This year, I have the pleasure of studying the Book of Exodus together with the lay-led Hebrew Bible study group at Temple Beth Or in Raleigh, North Carolina, where I serve as senior rabbi.
The story of the Golden Calf has so seared itself into our consciousness that it has become one of the prime acts of apostasy in the Jewish story.
The end of this week's parashah includes some short, but memorable pieces of legislation: the explanation for why we tithe a little dough when making challah (Numbers 15:20-21); the killing of the man who gathered wood on Shabbat (Numbers 15:32-36); and the instructions to wear tzitzit w
The Jewish people's turbulent saga of disillusionment with liberation takes a new and momentarily promising turn this Shabbat, with a foray into the land of Canaan by twelve scouts.
...all the artisans who were engaged in the tasks of the sanctuary came, from the task upon which each one was engaged, and said to Moses, "The people are bringing more than is needed for the tasks entailed in the work that the Eternal has commanded to be done."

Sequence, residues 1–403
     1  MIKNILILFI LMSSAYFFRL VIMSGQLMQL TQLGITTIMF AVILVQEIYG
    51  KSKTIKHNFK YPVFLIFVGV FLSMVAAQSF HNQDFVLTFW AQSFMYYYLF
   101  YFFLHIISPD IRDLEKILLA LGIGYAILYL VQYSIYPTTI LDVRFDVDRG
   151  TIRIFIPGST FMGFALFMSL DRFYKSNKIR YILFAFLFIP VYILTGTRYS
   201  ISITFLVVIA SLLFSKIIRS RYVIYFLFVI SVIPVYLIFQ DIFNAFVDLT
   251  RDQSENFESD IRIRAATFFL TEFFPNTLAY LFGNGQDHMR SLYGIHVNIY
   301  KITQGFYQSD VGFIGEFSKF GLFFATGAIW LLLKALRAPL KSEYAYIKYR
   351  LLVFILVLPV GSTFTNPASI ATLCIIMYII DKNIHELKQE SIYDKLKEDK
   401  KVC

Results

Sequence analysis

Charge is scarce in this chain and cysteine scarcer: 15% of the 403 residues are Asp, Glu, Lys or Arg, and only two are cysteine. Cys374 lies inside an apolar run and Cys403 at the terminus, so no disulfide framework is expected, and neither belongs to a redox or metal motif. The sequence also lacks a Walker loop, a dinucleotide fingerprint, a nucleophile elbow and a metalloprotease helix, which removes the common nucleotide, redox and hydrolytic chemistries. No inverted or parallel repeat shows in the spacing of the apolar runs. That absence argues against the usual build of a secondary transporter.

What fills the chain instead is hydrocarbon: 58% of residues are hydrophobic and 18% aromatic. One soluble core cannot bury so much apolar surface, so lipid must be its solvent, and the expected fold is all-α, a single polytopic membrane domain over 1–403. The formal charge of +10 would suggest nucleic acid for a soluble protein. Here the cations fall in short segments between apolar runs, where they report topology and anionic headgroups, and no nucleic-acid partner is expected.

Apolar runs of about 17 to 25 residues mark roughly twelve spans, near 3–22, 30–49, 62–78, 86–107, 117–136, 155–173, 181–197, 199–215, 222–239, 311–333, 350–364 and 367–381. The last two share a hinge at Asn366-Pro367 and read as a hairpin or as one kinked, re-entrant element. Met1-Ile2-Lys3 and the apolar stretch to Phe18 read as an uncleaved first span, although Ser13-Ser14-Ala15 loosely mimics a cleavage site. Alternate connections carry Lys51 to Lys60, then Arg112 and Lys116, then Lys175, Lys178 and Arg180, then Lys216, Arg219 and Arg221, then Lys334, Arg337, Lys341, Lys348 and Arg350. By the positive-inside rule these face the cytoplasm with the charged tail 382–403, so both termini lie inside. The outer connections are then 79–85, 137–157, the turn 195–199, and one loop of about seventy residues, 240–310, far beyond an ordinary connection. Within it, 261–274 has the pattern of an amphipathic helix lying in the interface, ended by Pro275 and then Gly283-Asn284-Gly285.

A guide to help adults learn how to engage young children in a discussion about this week’s Torah portion.
The last instruction that Moses receives on Mount Sinai, before God gives him the inscribed tablets, before the incident of the Golden Calf, is the reminder about the importance of the sabbath.
This week's Torah portion contains one of the most dramatic events in the entire Torah, the incident of the Golden Calf. Moses has been on Mount Sinai for a very long time, too long for those Israelites who still carry Egypt in their hearts to wait.
Parashat Mishpatim offers a myriad of rules to guide us in how to treat other individuals and nations. It makes us wonder: Why is it easier to think and behave humanely when we consider individuals rather than nations?